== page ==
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EU Trade Policy

International trade and investment matter to the EU. Trade is an engine for global growth as it contributes to long-term jobs in the EU and around the world, and has a real impact on the day-to-day lives of people and businesses in Europe and in its partner countries.


EU position in world trade

The EU is in prime position when it comes to global trade. The openness of our trade regime has meant that the EU is the biggest player on the global trading scene, accounting for 14.8 % of global trade in goods and 22.2 % of global trade in services in 2015, and remains a good region to do business with. Furthermore the EU remains the world’s largest economy with over 20% of the world’s gross domestic product (GDP) and more than 500 million inhabitants, making it the world’s most lucrative consumer market. The EU is also the world’s second-largest investor.


Objectives of EU trade policy

Create a global system for fair and open trade

The World Trade Organisation (WTO) has helped shape a system of global trade rules that keeps the global economy open for trade as well as reflects and respect the needs and concerns of developing countries. The network of agreements and obligations overseen by the WTO helps ensure that trade is open, predictable and fair. EU trade policy works to maintain the global trading system and to ensure it adapts to a fast-changing world.

Open up markets with key partner countries

We seek to create growth and jobs for Europeans by increasing their opportunities to trade with the world. One way of opening markets is to negotiate better access and conditions for trade and investment through free trade agreements. The EU has concluded a number of Free Trade Agreements and is continuing negotiations with others, such as the United States (Transatlantic Trade and Investment Partnership) and Japan.

In addition, the EU is signatory to or is currently negotiating a number of plurilateral agreements, such as the WTO Government Procurement Agreement and the Trade in Services Agreement.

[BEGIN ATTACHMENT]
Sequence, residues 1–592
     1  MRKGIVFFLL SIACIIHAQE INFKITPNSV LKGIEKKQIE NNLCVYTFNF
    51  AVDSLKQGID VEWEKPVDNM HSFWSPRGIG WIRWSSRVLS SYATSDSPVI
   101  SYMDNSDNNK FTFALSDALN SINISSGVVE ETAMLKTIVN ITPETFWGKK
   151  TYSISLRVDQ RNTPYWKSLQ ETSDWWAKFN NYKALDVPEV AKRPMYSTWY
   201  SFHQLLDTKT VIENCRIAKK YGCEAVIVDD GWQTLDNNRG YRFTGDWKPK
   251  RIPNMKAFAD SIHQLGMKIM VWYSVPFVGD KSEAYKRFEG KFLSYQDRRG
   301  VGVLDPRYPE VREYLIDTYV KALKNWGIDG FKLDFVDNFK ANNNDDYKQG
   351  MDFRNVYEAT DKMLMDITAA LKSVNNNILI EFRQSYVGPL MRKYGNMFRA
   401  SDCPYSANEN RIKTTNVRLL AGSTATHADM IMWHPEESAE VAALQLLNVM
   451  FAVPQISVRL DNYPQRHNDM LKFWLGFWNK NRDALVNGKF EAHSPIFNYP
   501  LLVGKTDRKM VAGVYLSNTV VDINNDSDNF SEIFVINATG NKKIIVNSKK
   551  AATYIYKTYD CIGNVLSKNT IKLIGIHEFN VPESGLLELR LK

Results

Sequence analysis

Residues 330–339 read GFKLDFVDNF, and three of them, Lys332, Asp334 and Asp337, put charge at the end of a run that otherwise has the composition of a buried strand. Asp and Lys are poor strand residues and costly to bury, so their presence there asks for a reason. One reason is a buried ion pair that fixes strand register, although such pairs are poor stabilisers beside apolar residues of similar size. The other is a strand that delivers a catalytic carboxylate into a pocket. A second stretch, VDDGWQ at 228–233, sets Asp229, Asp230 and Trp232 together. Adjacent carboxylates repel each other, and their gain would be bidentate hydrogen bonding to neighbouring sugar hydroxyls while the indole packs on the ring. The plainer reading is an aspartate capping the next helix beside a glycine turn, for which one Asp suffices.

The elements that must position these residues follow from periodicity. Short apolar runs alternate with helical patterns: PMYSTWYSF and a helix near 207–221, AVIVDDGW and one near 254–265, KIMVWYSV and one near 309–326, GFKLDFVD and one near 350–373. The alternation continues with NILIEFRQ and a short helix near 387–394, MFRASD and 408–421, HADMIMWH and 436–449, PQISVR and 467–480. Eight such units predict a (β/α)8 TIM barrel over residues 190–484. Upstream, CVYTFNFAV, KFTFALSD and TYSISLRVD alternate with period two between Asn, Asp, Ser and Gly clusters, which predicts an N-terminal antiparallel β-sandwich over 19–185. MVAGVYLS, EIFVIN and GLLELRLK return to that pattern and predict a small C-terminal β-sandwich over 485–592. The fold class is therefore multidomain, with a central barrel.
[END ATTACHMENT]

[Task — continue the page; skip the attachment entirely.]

Make sure others play by the rules

EU trade policy aims to open new markets for European exporters, workers and investors through lifting barriers to the markets of our trading partners. We work closely with countries outside Europe to remove persistent problems for exporters, increase the opportunities for EU businesses to get equal access to procurement markets outside the EU, reduce counterfeiting and piracy of European goods and open up new opportunities for European investment.

Because international trade rules are designed to ensure that trade is fair, it is vital that they are respected. Therefore, dispute settlement mechanisms are set up in most trade agreements to ensure the agreements can be enforced and that disputes can be settled.

Ensure trade is a force for sustainable development

We are committed to actively helping people around the world trade their way out of poverty. Europe has opened its markets to all imports from the world's poorest countries, and works actively to help developing countries build the capacity to take advantage of trade.

We also use our trade policy to reinforce other important international goals: supporting the fight to protect our environment and reverse global warming; striving to improve working conditions for workers in developing countries; and ensuring the highest standards of health and safety for the products we buy and sell.


How is EU trade policy made?

Trade policy is an exclusive power of the EU – so only the EU, and not individual member states, can legislate on trade matters and conclude international trade agreements. The scope of EU's exclusive powers covers not just trade in goods, but also services, commercial aspects of intellectual property and foreign direct investment. The EU has exclusive powers in some other areas which may also be relevant for trade policy, such as transport, capital movements, etc.

The European Parliament decides jointly with the Council on the framework of EU trade policy – through the ordinary legislative procedure. While the Commission maintains the right of initiative, for its proposals to be formally adopted, agreement has to be reached between the co-legislators. International agreements are adopted by the Council, after the Parliament has given its consent.


Useful links

European Commission, DG Trade

EU Trade and Investment 2015



Updated 2016.09.12